The Nobel Peace Prize winner came face to face with the nation to justify a third war in a short span of time for the United States—this one in Libya.
President Obama gave a self-assured and forceful performance last night in his live televised speech, to a small audience of military experts at National Defense University. War and peace meet again. He escalated the war in Afghanistan, begun in 2001, after careful study. The decision was rather like adopting an orphan. So now that war belongs to him. [See photos of the unrest in Libya.]
History abounds in irony, but this one is cruel. The American people are stressed out over their pocketbooks, taxes, retirement, and the unemployment rate, which are hitting home with many families. Most know in their hearts that the "un-won" wars in Afghanistan and Iraq that President Bush started are the reasons why the economy is under siege—not to mention the Bush tax cuts for the wealthy, which Obama agreed to extend.
In short, people are weary of war. They know—or we know—this adventure in Libya is a cheap date we can't afford.
Obama put the best possible face on the whole business in Libya, couching the new no-fly zone in terms of a NATO coalition and humanitarian operation. That is a bit of a fig leaf over the extent of our importance and investment. Then Obama noted the oppressed Arab world is breathing in the oxygen of democracy and revolution—bully for them and power to the people! Revolutions can be catching, though it's not clear that any political reforms in the air intend to include Arab women as full citizens.
That raises the legitimate question: Who are these ragtag rebels in Libya? We don't have their resumes or backgrounds or true beliefs on file. All we seem to know is that they are the enemy of our enemy, Muammar Qadhafi, and we've managed to live with him as an international outcast for years with a policy of containment. [Check out a roundup of political cartoons on the Middle East uprisings.]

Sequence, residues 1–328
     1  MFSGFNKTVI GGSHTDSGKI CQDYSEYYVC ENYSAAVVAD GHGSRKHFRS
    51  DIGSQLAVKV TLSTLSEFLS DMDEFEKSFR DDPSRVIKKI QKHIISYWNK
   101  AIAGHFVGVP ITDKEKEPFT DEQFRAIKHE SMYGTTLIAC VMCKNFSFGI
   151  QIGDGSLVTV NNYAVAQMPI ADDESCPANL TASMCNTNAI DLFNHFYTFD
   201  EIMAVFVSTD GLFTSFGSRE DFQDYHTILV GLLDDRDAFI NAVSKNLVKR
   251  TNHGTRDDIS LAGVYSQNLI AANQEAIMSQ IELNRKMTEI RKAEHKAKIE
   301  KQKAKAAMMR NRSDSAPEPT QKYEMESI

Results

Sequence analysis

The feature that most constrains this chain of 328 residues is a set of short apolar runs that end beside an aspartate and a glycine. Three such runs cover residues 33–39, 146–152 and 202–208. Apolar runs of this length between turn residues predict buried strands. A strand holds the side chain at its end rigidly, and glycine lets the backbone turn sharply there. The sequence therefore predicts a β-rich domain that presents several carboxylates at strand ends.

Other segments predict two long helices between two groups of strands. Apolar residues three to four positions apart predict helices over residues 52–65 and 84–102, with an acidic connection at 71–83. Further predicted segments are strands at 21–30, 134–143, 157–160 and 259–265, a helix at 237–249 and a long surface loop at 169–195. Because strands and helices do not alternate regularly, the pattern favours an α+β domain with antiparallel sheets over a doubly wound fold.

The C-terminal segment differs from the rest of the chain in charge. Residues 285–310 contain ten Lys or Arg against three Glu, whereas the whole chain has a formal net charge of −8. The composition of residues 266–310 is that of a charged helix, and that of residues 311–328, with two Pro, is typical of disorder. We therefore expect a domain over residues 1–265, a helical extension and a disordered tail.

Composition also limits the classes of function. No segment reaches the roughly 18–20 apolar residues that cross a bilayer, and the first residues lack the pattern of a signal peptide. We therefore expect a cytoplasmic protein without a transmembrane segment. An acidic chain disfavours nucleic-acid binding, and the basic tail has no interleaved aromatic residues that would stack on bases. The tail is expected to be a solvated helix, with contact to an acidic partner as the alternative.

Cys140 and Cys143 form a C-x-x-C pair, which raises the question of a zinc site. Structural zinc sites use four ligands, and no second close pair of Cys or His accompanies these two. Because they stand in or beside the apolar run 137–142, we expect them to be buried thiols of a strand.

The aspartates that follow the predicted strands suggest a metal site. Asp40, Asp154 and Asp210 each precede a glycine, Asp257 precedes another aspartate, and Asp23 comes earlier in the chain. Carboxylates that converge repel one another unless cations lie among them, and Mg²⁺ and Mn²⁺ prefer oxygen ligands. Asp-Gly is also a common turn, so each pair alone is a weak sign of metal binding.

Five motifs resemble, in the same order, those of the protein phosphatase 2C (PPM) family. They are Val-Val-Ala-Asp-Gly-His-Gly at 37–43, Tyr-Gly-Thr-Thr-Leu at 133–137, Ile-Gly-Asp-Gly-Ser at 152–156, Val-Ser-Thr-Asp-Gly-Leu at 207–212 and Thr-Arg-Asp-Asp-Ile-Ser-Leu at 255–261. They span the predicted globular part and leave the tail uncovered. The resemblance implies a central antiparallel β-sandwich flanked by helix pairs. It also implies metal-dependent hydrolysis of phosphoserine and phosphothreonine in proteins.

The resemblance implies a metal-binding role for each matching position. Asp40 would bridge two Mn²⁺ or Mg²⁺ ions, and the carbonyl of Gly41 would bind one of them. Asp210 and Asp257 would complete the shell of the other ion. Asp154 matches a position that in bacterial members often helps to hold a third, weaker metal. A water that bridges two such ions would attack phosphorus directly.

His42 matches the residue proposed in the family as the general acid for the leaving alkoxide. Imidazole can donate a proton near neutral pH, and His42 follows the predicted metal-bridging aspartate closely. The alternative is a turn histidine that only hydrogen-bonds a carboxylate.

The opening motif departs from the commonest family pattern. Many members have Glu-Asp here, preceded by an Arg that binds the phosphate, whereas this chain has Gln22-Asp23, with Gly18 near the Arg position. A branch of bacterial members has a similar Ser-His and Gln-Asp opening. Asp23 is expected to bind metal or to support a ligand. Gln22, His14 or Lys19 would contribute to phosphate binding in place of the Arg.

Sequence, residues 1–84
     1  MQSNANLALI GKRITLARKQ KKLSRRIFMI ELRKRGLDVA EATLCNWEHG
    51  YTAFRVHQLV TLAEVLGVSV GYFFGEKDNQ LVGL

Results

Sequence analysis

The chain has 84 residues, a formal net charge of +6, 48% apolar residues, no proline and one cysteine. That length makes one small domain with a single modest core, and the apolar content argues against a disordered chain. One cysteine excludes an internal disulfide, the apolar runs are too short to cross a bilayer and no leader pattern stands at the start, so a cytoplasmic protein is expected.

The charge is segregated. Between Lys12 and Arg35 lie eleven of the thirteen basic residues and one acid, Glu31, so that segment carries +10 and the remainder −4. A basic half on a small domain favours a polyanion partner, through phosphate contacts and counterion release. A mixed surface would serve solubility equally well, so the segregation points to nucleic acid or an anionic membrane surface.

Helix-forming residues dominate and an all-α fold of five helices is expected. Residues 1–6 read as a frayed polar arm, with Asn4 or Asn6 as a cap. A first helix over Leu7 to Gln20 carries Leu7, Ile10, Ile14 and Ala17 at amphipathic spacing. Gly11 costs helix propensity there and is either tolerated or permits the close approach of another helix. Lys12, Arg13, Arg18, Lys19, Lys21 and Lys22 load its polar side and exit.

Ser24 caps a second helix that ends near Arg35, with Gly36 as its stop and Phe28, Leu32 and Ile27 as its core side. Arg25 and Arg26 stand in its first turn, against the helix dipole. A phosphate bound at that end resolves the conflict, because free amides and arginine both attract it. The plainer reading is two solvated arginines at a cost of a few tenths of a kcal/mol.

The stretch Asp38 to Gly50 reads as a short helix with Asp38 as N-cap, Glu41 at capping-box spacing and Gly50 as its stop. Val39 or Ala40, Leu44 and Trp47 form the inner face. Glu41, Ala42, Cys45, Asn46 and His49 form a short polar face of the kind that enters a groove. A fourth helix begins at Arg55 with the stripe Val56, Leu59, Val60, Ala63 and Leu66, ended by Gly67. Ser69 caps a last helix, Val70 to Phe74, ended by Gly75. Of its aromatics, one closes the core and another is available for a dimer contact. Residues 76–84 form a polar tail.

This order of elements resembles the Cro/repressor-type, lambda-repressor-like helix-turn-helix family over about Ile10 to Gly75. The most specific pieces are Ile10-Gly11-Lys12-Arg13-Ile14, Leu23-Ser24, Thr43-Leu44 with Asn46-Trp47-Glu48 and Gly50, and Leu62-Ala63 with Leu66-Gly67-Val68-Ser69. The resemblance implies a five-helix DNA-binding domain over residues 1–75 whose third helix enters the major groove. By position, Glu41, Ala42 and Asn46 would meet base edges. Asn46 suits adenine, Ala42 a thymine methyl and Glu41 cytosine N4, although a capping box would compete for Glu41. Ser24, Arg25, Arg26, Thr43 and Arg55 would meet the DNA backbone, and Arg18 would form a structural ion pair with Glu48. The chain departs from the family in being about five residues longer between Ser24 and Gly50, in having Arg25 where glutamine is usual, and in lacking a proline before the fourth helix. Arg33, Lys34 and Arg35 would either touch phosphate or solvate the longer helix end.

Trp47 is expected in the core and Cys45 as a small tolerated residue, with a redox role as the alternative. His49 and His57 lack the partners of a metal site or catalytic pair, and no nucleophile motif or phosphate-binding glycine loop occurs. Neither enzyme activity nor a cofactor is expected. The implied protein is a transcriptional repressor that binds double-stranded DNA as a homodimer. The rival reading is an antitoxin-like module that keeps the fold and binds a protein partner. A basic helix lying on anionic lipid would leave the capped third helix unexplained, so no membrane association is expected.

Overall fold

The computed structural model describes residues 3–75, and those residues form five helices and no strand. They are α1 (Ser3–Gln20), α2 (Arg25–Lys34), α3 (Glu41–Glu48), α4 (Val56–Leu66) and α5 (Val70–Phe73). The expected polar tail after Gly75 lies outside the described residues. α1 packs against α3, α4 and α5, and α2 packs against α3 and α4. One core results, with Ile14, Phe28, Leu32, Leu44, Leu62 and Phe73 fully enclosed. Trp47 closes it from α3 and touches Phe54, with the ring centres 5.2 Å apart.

Libya will not be a republic anytime soon. The secretary of defense, Robert Gates, admitted it is not a vital interest to the United States on our foreign policy map. Over the last 10 days, he sounded as if he had to be talked into the third military intervention in a decade. That is why I like and trust Gates as Washington's most honest man. [Vote now: Was Obama right on Libya’s no-fly zone?]
In fact, Obama was low key and cautious about "giving a war" (to paraphrase Sandburg's, "sometime they'll give a war and nobody will come") in Libya in the first place, to his credit. Can we lay this war at the door of the secretary of state? Hillary Clinton seems to be driving the policy, the press interviews, and the official statements. As a presidential candidate, she refused to apologize for her Senate vote to authorize the war in Iraq.
So Secretary Clinton may be giving us a new war. The thank you note is in the mail.